or visiting family or friends. The share of transport
in household expenditure in Europe has remained Expansion of transport infrastructure is resulting in
more or less constant over time (14 %), but varies the fragmentation of natural habitats thus affecting
between countries, for example from almost 15 % in biodiversity. Noise is also a concern.
France to less than 8 % in Estonia (Eurostat, 2005).
The London There are many and
Net increases of In the period 1995 to congestion charge varied policy options for
about 20 % in 2002, and looking at the is an example of reducing the negative
EU-25 as a whole, a slight environmental effects of
greenhouse gas an effective policy
relative decoupling transport. Road pricing,
emissions from between the growth of measure traffic-calming schemes,
transport over the passenger transport and better provision for pedestrians and cyclists, public
past decade the growth of economy can transport investment, telecommunications, car
be observed: passenger sharing, etc. have all been put in place in various
transport demand increased by some 15 %, while parts of Europe; some with success. It is a challenge
GDP (in constant prices) increased by almost 18 % to implement a mix of actions across Europe,
(Eurostat, 2005). Cars have generally become including in particular legal and regulatory tools,
more energy-efficient but the growth in transport information and other instruments, spatial and
demand and the increased use of heavy and urban planning, and public transport. The London
relatively fuel-inefficient cars has outweighed congestion charge is an example of a policy measure
these improvements. This has resulted in a that has already proved to be effective in reducing
net increase of about 20 % in greenhouse gas environmental pressures.
emissions from transport over the past decade
(EEA, 2004). The growing trend to use high fuel- Tourism
consuming sport utility vehicles is contributing to
this. Tourism is the fourth and final major consumption
category analysed in this report (Chapter 6).
Emissions of air Emissions of air pollutants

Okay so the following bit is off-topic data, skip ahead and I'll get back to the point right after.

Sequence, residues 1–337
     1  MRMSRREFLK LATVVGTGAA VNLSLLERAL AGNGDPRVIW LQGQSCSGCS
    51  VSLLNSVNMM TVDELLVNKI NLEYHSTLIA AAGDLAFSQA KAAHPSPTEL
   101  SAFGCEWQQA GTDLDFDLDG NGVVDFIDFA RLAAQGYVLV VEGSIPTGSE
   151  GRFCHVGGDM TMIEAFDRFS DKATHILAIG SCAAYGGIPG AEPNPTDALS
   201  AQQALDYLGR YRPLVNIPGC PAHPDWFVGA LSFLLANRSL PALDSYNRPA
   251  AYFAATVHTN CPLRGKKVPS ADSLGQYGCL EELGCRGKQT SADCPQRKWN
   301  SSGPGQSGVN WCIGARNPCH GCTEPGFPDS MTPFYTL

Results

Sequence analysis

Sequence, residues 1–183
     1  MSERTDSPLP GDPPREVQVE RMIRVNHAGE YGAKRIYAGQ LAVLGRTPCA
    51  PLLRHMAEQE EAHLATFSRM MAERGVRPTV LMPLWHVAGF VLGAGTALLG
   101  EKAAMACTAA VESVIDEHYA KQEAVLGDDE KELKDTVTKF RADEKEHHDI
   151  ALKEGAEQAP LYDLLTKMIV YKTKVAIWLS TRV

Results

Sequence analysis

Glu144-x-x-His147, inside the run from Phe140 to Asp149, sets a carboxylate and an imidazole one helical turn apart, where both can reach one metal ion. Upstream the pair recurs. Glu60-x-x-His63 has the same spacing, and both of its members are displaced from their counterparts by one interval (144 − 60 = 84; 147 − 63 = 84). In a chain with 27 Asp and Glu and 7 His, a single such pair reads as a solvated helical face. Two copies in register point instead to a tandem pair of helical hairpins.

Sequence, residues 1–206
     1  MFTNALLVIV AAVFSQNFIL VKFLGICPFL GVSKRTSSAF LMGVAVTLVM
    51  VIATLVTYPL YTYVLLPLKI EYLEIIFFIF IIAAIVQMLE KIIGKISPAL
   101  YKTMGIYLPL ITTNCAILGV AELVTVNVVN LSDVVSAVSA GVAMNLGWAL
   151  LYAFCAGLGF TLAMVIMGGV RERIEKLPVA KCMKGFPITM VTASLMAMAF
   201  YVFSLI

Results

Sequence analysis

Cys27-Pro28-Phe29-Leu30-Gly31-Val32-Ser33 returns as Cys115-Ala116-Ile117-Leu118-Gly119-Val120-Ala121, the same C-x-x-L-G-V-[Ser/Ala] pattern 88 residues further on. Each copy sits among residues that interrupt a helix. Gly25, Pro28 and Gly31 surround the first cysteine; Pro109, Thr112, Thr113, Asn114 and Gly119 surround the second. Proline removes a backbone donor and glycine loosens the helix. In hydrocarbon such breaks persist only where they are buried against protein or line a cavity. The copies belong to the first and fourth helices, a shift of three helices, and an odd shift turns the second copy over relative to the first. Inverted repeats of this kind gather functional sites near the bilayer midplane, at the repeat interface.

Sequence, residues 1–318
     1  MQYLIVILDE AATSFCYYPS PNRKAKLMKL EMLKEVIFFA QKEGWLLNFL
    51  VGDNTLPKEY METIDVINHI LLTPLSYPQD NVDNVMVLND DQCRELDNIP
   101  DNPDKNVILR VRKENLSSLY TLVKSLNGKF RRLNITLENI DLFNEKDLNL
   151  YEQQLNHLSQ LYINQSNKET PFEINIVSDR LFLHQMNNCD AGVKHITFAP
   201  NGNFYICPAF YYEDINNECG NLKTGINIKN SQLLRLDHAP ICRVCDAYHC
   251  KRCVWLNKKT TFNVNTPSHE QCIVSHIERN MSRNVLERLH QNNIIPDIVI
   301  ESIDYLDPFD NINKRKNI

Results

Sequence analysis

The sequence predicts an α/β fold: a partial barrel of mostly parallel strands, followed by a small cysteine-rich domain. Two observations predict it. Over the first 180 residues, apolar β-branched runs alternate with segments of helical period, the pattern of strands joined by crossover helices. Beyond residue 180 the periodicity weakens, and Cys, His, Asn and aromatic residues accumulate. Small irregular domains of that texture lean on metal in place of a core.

pollutants from from passenger transport Tourism: consuming Tourism in Europe is
passenger transport by road, however, are elsewhere — and growing by about 3.8 % per
by road are currently currently falling. This is getting there
year. Approximately 60 %
falling due mainly to technological of all international tourist
improvements, such as arrivals are in Europe, mostly in the Mediterranean
catalytic converters and other technical measures region. A recent and growing European trend is
needed to meet EU standards. These outweigh the purchase of second homes for holiday and/or
growth in personal travel. As a result, emissions weekend use. Many are in highly environmentally
of particulates (PM10), acidifying substances (NOX, sensitive areas, on coastal zones and in skiing areas.

Household consumption and the environment 9


Summary

On the other hand, second homes may prevent destinations. Effective policies to reduce pressures
citizens from travelling much further for tourism from tourist travel have yet to be seen. The use of
and leisure or from buying other goods and services, market-based instruments (for example targeting
and thereby avoid putting even greater pressure on tourist travel) or labelling are promising policy
the environment. options.

Tourism's negative As a result of the increase in Some environmental pressures are


environmental tourism, its negative increasing as European consumption
environmental effects are growth outweighs efficiency gains
effects are increasing also increasing rapidly.
rapidly In particular, tourism is Eco-efficiency Analysis in this report
leading to a growth in improvements are focusing on the
greenhouse gas and other harmful emissions, being outweighed by consumption of food and
especially from air and car travel to destinations, the drink, housing, personal
consumption growth
consumption of more energy and water, increased transport and tourism
land use and generation of waste at destinations. has shown that technological improvements and
breakthroughs have resulted in improved efficiency
Because of the rapidly increasing number of tourist in production and consumption, in terms of the
arrivals by air and the longer distances to destinations, use of resources such as energy and water, waste
emissions from air transport of tourists to their generation and reduced pollution. But while
destinations are taking an increasing share of total efficiency is improving, growth in the total levels
greenhouse gas emissions. Also, because emissions of consumption of goods and services has been so
from air transport are at higher altitudes, their high that in many cases it has outweighed these
potential impact on climate change is more severe. technological improvements. Total household
consumption expenditure in the EU-15 increased
At destinations, especially those with more by almost a third from 1990 to 2002. While the
luxurious accommodation, tourists consume energy efficiency of heating systems and electronic
large amounts of water, energy and natural space. appliances has improved considerably, we live in
Consumption of water and energy is particularly larger homes and buy and use an increasing number
high during peak seasons. of electronic appliances. As a result, CO2 emissions
from households have remained stable (see
In order to minimise the environmental effects of Chapter 4). Also despite increased resource
tourism and thereby improve its sustainability, a efficiency, the amounts of waste generated from